The Continuation School System in Ghana: Revisiting Technical/Vocational Education at its Best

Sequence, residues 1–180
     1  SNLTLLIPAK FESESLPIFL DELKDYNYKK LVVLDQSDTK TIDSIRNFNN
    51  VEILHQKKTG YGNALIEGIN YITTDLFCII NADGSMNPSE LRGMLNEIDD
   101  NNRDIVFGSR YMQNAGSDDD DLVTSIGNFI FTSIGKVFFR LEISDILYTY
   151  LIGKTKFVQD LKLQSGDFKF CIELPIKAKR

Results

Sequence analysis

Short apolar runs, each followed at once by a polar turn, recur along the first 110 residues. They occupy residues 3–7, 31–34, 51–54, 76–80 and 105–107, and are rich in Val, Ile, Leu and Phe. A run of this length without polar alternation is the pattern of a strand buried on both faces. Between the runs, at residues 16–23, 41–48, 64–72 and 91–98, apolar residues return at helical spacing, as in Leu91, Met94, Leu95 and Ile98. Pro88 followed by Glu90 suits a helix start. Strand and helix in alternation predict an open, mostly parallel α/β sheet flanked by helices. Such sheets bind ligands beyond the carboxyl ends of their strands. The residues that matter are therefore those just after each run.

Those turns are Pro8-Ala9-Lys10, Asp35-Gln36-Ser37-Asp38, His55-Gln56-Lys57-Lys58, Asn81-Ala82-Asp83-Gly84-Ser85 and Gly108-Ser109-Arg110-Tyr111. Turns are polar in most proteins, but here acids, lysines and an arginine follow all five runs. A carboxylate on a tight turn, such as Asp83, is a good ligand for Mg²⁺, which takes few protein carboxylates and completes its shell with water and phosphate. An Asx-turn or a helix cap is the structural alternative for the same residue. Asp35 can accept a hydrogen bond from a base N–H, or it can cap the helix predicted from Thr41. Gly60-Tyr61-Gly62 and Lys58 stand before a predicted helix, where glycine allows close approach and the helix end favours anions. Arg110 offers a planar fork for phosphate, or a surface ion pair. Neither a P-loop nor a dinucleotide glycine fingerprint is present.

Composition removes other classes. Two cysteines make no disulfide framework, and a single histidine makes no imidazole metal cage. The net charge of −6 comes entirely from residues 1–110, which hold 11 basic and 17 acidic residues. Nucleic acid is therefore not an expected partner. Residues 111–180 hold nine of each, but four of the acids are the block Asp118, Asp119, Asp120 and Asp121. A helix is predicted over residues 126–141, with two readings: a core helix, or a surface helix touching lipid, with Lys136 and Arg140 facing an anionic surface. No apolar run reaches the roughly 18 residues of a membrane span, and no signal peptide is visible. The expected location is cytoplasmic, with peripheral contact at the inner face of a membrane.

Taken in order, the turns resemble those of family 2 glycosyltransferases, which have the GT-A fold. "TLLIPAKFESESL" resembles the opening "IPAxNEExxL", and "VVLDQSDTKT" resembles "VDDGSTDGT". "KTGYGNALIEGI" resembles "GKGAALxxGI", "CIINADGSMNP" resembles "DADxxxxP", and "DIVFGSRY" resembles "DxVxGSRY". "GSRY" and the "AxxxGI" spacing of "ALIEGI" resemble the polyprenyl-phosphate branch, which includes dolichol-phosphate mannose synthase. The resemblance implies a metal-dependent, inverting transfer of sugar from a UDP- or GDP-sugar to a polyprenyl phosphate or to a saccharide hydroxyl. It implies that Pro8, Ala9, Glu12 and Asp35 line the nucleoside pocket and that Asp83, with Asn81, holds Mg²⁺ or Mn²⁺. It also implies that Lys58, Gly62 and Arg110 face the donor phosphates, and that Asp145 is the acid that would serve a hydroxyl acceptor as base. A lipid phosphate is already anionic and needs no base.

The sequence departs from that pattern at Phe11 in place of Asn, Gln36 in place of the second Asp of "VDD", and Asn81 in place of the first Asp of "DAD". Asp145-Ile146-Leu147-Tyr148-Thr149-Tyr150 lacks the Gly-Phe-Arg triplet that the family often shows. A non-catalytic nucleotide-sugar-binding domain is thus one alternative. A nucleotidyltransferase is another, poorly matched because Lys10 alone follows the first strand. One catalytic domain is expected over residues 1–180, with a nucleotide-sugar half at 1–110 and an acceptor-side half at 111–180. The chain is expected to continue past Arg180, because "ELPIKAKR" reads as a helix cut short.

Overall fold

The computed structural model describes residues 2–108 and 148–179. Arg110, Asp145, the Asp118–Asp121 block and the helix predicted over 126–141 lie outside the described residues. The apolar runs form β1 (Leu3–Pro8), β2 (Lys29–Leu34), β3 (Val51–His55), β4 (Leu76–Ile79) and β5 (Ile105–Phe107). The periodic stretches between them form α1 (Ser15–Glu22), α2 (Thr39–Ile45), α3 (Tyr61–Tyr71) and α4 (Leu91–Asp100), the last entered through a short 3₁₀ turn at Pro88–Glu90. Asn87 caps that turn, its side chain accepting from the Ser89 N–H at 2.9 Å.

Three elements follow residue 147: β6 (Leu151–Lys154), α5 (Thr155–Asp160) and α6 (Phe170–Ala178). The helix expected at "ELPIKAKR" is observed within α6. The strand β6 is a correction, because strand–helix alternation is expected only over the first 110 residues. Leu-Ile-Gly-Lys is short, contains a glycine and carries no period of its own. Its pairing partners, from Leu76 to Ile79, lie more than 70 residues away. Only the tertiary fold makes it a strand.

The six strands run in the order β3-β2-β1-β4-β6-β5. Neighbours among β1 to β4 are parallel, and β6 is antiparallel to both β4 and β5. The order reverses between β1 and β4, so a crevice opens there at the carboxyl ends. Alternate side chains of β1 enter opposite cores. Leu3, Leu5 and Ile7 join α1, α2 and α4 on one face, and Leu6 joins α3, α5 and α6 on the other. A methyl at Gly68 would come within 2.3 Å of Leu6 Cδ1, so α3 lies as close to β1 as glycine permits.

The study is a historical analysis of the Continuation School System (CSS) in Ghana. An examination of relevant archival data retrieved from the offices of Public Records and Archival Administration Department (PRAAD) in Ashanti and Central Regions in Ghana were scrutinized. Three persons who were identified as having adequate knowledge of the CSS in the country also provided relevant information to aid the study. In addition, secondary data relating to CSS was also used to enhance analysis of the primary data retrieved. The major findings were that the CSS achieved its main goal of predisposing and equipping its beneficiaries with practical/vocational skills to make them productive in their future lives. However, the CSS policy was abolished with the introduction of the 1987 Educational Reforms in the country. Its total abolition was rather unfortunate since its ultimate goal and that of the New Educational Reforms were somewhat similar. One anticipated that it should have been overhauled to incorporate the new ideals of the New Educational Reforms. In particular, the utilization of the local non-professional artisans as teachers in the CSS could have been maintained to ensure adequate and continuous supply of local expert instructors without incurring much cost.
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